As universities grapple with the question of how to prepare students for increasingly uncertain futures, the development of evidence-based frameworks to guide academic program1 design is critical. Here, we propose a strategic framework with a high impact on program design, implementation, and evaluation as well as mentoring and support for academic program leaders. High impact can be achieved when program leaders are enabled to embed key future-focused capabilities and skills across the curriculum in a program. In order to ensure that these capabilities are systematically and cohesively embedded in students’ learning journeys, we suggest that academic program leaders (e.g., Directors of Studies, Subject Area Coordinators, etc.) require strategic approaches to program design, implementation, and evaluation, as well as mentoring and support. Such approaches would ensure that high impact practices are consistently employed, rather than being the exception in isolated courses.2 At Queensland University of Technology, we have developed a holistic model to support “whole-of-program” design for award programs across faculties and disciplines, in a coherent and strategic way. The model we use is based on a framework for curriculum design called the Future Focused Curriculum Design Framework (FFCF), and is an iterative model that places learners at the center of their learning to enable meaningful change to the design of programs. The adoption of the framework is supported by curriculum design studios situated within each discipline-specific faculty,3 which are made up of curriculum and learning designers, working closely with academics in different faculties. A key element of the process is that curriculum design studios enable relationships and communities to develop (Wenger et al., 2002), which in turn allows for contextualized practice. This holistic model supports whole-of-program design for award programs, in a coherent and strategic way and enables communities of practice to emerge in an iterative manner. In this chapter, we share our experiences with using this model and the impacts it has achieved, and we reflect on ways it be adapted for future use and in other contexts.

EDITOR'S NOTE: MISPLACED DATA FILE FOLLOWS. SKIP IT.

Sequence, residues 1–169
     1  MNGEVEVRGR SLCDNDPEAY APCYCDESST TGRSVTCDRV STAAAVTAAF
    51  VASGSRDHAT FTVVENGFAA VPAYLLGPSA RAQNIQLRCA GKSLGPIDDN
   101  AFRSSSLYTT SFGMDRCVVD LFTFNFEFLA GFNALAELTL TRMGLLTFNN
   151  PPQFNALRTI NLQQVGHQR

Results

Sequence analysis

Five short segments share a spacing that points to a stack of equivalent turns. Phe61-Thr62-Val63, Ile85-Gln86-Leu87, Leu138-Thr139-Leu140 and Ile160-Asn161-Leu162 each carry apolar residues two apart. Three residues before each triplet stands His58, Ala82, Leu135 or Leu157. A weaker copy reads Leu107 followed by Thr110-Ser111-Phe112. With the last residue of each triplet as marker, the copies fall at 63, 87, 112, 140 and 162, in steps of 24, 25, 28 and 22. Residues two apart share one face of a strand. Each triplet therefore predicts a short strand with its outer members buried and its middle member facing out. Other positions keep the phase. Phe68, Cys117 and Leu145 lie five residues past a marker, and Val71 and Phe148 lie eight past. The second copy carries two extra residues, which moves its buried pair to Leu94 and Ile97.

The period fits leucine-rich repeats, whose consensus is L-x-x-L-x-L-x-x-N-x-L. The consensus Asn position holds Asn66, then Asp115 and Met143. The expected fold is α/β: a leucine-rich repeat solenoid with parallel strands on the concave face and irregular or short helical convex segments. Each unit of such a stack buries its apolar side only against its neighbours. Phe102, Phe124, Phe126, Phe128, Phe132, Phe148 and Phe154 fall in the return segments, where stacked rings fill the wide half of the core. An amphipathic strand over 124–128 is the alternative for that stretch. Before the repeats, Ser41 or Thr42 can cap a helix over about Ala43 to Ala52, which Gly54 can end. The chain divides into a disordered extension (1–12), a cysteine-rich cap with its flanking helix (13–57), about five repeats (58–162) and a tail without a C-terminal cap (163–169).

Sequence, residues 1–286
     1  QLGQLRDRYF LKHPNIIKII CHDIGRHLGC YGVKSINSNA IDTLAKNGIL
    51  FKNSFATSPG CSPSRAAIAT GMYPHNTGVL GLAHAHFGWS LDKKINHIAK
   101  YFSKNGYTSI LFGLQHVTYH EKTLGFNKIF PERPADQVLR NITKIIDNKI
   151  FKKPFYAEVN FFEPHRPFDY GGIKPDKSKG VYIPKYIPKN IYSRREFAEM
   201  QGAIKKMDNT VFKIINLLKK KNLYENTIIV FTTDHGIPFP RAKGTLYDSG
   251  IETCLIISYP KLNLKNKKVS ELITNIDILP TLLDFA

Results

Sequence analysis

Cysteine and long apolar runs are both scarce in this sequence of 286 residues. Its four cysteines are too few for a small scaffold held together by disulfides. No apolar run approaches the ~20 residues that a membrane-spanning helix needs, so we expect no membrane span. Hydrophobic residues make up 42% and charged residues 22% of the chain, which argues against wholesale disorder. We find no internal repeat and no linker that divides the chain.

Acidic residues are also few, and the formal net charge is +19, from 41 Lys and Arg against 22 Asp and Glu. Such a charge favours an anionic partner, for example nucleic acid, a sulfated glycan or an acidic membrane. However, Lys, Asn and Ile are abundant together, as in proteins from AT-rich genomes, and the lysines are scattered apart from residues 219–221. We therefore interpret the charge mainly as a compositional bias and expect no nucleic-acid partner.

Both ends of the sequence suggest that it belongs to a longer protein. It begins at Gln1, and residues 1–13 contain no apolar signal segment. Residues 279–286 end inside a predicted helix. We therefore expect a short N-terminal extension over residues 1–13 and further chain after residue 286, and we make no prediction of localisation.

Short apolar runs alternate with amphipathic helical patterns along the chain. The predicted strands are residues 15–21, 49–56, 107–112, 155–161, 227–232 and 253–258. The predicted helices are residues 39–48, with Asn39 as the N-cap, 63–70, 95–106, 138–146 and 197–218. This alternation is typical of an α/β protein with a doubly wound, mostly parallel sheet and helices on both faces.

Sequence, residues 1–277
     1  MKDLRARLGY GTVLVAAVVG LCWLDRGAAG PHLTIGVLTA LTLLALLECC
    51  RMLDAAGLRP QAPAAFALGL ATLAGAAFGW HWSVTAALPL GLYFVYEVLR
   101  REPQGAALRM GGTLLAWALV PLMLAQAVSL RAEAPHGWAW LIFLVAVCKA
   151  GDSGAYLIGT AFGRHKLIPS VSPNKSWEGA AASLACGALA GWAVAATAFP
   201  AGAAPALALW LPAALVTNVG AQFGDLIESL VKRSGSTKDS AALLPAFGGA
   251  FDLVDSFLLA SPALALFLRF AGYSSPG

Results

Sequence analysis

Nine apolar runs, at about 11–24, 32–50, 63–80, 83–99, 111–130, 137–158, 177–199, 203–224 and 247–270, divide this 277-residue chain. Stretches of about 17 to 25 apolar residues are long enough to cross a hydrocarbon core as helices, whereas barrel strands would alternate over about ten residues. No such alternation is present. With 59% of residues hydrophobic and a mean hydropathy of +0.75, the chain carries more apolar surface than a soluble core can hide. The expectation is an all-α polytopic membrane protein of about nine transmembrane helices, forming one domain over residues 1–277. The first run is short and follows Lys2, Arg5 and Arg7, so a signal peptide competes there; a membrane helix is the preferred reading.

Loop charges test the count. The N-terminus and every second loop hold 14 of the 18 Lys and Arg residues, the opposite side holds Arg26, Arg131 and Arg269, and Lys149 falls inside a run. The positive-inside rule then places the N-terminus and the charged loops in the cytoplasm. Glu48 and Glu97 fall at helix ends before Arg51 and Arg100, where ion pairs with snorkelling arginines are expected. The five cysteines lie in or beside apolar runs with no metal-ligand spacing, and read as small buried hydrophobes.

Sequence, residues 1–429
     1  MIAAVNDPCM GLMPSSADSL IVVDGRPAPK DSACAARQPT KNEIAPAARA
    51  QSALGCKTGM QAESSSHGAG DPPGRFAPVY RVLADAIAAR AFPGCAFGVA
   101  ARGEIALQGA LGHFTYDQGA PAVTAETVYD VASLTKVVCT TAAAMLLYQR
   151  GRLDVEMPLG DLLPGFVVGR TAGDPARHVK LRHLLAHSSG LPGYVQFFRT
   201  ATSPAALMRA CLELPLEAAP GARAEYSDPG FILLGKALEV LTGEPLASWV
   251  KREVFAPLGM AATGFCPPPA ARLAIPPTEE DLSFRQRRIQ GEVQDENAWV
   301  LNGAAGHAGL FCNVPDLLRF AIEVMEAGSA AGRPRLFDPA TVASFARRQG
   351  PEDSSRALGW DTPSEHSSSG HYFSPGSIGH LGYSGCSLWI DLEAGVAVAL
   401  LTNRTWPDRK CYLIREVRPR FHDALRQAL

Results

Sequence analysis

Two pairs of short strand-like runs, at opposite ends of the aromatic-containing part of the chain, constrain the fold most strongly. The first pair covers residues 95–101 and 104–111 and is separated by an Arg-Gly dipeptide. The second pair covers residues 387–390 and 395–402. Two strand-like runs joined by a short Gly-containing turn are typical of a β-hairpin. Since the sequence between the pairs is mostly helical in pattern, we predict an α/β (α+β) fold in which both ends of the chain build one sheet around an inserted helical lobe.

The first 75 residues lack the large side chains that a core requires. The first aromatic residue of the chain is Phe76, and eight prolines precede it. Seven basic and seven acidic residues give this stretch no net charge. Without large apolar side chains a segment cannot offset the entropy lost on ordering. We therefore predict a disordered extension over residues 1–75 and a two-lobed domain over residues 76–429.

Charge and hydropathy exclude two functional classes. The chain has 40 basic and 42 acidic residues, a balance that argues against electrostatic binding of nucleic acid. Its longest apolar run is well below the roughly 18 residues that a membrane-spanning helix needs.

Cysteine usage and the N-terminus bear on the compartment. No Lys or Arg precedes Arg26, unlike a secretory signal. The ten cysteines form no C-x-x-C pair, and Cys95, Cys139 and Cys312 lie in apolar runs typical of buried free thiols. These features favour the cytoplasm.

Details

High Impact Practices in Higher Education: International Perspectives
Type: Book
ISBN: 978-1-80071-197-6

Keywords

Content available
Book part
Publication date: 27 September 2023

Abstract

Details

High Impact Practices in Higher Education: International Perspectives
Type: Book
ISBN: 978-1-80071-197-6

Book part
Publication date: 27 September 2023

Enakshi Sengupta

A higher educational institution evaluates the concept of success in terms of student retention, equal access to education, graduation and at times with the grade point scored by…

Abstract